Such an option would only work if the EFF was willing to commit to setting aside its anti-constitutional policies and to working constructively and pragmatically towards clean, efficient and effective government, something it is yet to demonstrate in practice where it has been in coalitions. Without such a condition, it is unlikely to expect the DA and the IFP to join a GNU. Moreover, the problem is whether, even if it does promise to renounce its manifesto shibboleths, the EFF can be taken at face value, or if its cheque will be forever in the mail. 

While many Pollyannas are summoning from the dead the spirit of 1994, this GNU won’t have the horns to turn the ship of state around. Instead, it will lead to an unstable government where departments will go their separate way on policy. Some will be profligate spenders perpetually caught in scandal, others will continue the tradition of genteel decline and yet others will struggle to get things moving as the civil service malaise morphs into an endless episode of Yes, Minister, but absent the humour. Rather, the overall effect will be poor economic outcomes and a further loss of confidence in democracy.

If the GNU was not to work, another dithering strategy would be for Ramaphosa to seek the position of President without a coalition agreement in place. This will take place after several humiliating rounds of voting, and includes the tantalising possibility of all the opposition parties present (MK promises not to attend) ganging up and choosing a different President just to make a point. 

Another dithering strategy would be a so-called confidence and supply arrangement, essentially where a coalition is formed around parliamentary support for the executive, where parties (or independent members) agree to support the government in critical votes including motions of confidence and budget votes.

This arrangement risks institutionalising dysfunction if legislation presented by the ANC centre cannot be agreed by the legislature, or empowering the populists as Parliament becomes the site of an unequal struggle between the executive and the legislature.

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A decision taken to move forward decisively with a new, efficient, corruption-free administration where technocratic skills and delivery are prized over all else requires leadership and choosing an alignment most likely to deliver that outcome.

Rather than avoid the hard choice or gaze at the navels of their social media followers in search of fuzzy advice, the ANC would do well to sit down with the manifestos of the parties and draw up lists of what is actually shared — or not shared — by potential partners in the mooted GNU.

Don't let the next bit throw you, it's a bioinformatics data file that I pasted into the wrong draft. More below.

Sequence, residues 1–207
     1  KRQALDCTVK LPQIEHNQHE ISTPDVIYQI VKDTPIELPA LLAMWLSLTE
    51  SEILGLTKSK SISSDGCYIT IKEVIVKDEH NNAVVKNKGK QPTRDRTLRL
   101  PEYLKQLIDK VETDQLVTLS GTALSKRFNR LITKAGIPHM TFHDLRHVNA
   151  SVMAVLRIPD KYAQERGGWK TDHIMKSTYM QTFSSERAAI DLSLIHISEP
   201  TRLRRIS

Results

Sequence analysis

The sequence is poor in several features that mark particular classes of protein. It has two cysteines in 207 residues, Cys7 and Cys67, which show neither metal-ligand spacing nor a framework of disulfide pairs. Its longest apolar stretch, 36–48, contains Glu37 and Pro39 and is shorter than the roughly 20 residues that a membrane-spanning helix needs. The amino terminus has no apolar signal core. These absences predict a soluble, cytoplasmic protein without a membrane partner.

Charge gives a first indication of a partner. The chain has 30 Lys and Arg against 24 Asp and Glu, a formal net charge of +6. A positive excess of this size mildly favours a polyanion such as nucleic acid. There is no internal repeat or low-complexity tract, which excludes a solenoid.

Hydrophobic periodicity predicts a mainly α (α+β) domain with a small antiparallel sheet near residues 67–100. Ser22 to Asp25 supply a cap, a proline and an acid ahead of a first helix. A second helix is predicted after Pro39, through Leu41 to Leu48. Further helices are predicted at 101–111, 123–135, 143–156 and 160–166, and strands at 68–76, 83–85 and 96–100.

One such list doing the rounds looks like this:

Screenshot 2024 06 07 at 08.03.37

It is not hard to see where the majority of voters reside in this diagram, one borne out by the results of the recent coalition preference survey.


There are febrile voices in the public space crying “counter-revolution” at the idea of the ANC, IFP and DA getting together to form a 66% coalition of the centre, with or without a GNU, but they represent a minority within the minority that is the ANC. The response is, of course, if revolution means 30 years of corruption, unemployment, social disintegration, miseducation and ill health, then maybe the other option should be tested.

Moreover, it is the ANC itself which has rejected the practicality of working with the EFF. The ruling party’s 2023 report noted that it should review its “damaging” coalitions with the EFF. In an agreement whereby smaller parties’ councillors are made mayors, the ANC and EFF have governed together in three metros — Johannesburg, Ekurhuleni and Nelson Mandela Bay.

In a report to the National Executive Committee, David Makhura, the ANC’s head of political training, made it clear that he believes coalitions with the EFF should be reviewed because they are “more damaging than helpful”.

The former Gauteng premier said that the ANC’s research showed that the EFF continued to grow in by-elections by largely targeting the “traditional [voter] base” of the ANC and that the EFF “supports the Constitution and the law when decisions favour it. It has fashioned itself as an anti-establishment party. But, in reality, it is proto-fascist party run dictatorially.”

There is a chance that South Africa is at a moment of renewal, of a coalition of constitutionalists that puts governance and people at the heart of its politics. This would be a profound and inspiring choice, but one that can only become more difficult as the dithering drags on.

This article originally appeared on the Daily Maverick